Surgical Factors Affecting the Union Rate of Complex Distal Femoral Fractures

Background:

Management of complex, comminuted distal femoral fractures present a challenge to orthopaedic surgeons. High rate of complications are associated with surgical management of such injuries especially in elderly patients. This study aims to review the outcome of surgical fixation of these complex injuries at our trauma unit, to identify correctable surgical factors associated with rate of union.

Methods:

Patients undergoing open reduction, internal fixation of distal femoral fractures at our Institute from 2008 to 2018 were included in the study. A retrospective analysis of patient factors, surgical parameters, complications and union rate was performed.

Results:

79 patients were included in the analysis with mean age of 73 years (range, 33-101 years). There were 11 male and 68 female patients. The mean time to surgery was 3 days (0-14 days). There were 58 native femur fractures and 21 periprosthetic fractures. All patients had fixation with locking plates with MIPO technique. Those patients (49/79) who had fixation performed with longer plates (>10 holes) and ‘flexible construct’ achieved 100% union rate. However, there were 3(10%) non-unions in patients where fracture fixation was performed with ‘stiff construct’ (p=0.05). These three patients eventually healed with revision surgery using longer plates and flexible construct.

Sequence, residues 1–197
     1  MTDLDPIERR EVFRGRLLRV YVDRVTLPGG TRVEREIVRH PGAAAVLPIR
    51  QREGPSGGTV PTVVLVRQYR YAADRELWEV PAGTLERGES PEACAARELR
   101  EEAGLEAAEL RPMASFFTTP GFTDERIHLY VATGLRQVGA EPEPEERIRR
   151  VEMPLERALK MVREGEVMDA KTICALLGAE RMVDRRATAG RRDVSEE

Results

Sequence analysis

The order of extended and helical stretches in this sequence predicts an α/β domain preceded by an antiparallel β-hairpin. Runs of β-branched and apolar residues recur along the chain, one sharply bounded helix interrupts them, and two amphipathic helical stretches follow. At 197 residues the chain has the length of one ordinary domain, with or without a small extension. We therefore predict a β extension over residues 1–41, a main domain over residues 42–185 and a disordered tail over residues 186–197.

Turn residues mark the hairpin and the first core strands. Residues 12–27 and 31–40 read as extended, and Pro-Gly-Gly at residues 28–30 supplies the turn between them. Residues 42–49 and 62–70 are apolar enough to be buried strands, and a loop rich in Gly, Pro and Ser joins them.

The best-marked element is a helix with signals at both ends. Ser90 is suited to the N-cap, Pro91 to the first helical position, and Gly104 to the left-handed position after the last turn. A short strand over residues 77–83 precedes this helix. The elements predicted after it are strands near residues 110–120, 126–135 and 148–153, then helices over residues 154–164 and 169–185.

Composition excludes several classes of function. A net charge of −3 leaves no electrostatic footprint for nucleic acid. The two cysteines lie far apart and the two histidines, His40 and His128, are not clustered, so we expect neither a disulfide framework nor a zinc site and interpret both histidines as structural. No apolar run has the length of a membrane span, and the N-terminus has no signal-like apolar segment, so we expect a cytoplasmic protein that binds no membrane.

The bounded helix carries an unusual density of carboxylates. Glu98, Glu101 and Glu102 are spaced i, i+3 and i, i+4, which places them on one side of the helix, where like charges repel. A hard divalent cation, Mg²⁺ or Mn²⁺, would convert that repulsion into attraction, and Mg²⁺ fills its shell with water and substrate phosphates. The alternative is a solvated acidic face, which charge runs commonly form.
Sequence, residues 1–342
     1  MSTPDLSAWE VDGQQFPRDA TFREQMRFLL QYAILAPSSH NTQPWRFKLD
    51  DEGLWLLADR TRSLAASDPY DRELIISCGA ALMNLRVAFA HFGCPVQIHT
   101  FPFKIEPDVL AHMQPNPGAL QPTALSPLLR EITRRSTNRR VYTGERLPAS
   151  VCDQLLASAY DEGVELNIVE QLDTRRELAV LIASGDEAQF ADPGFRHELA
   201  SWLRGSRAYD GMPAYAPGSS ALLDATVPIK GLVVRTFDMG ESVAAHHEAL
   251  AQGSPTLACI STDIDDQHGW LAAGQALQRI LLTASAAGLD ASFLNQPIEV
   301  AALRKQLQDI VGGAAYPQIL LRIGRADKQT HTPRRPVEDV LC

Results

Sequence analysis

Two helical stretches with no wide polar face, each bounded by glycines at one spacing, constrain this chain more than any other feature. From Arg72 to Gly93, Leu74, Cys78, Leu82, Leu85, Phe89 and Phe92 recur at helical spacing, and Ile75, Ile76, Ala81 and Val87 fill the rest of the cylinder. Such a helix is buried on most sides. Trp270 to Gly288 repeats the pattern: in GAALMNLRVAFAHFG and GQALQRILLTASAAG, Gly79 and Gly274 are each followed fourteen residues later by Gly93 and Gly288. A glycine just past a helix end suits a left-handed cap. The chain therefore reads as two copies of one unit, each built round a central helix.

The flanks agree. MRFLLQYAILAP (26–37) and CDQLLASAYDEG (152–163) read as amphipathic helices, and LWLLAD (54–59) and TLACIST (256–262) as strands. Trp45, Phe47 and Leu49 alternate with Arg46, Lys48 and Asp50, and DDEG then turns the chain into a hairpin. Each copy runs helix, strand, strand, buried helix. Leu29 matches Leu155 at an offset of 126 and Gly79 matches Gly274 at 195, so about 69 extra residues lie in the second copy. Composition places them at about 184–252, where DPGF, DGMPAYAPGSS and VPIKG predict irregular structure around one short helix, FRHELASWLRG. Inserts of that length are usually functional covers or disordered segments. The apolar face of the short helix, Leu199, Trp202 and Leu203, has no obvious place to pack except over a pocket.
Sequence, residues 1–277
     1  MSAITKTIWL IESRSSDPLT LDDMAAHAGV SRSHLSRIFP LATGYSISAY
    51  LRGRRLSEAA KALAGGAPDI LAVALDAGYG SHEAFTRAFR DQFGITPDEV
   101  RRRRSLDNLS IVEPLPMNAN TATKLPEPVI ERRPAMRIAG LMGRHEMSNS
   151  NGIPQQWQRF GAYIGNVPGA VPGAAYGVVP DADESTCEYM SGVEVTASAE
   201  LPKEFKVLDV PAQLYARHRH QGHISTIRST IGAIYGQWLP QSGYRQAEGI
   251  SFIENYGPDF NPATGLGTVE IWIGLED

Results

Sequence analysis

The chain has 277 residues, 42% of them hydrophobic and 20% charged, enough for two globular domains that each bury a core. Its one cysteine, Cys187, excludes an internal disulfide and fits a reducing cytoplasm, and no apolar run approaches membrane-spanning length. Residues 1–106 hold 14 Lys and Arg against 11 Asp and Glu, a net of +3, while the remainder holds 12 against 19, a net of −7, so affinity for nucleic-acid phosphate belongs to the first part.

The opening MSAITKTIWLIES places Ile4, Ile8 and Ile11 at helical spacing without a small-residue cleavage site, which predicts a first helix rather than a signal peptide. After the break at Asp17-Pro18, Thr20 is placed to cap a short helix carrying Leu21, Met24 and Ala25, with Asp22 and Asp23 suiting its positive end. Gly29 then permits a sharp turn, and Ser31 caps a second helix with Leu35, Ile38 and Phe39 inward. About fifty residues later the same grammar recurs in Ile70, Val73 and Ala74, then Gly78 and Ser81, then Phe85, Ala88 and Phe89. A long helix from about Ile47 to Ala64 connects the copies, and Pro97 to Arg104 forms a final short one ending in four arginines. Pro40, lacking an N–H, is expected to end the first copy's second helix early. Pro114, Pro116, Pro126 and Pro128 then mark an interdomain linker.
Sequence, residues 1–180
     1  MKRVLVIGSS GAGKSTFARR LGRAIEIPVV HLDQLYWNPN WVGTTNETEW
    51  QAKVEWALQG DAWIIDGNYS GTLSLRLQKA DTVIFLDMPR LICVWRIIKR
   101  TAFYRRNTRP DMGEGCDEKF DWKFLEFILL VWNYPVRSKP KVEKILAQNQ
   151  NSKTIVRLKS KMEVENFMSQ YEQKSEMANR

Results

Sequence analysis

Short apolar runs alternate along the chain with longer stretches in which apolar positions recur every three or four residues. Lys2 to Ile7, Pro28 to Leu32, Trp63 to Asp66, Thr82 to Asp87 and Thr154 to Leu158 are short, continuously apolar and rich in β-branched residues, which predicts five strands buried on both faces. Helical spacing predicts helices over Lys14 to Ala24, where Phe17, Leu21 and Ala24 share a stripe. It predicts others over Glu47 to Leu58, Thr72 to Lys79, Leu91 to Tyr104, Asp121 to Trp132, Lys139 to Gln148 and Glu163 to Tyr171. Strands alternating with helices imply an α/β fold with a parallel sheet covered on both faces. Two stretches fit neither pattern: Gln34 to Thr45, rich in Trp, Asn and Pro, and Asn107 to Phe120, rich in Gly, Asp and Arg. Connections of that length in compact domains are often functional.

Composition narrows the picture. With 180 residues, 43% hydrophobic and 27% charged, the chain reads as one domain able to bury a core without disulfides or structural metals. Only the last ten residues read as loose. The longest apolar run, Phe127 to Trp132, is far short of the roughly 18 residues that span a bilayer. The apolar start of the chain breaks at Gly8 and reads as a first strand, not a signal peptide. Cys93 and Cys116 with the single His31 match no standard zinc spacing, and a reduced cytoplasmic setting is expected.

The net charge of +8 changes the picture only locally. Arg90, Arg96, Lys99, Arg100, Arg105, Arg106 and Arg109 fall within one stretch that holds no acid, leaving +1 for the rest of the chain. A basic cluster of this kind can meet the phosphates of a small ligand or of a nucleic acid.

Conclusion:

Longer plate with ‘end to end’ fixation of femur in comminuted distal femur fractures employing flexible construct are related to improved outcomes. Stiff construct and short plates may lead to non-union in such complex injuries. Longer plates and ‘flexible constructs’ are recommended to fix comminuted distal femoral fractures to increase the union rate.

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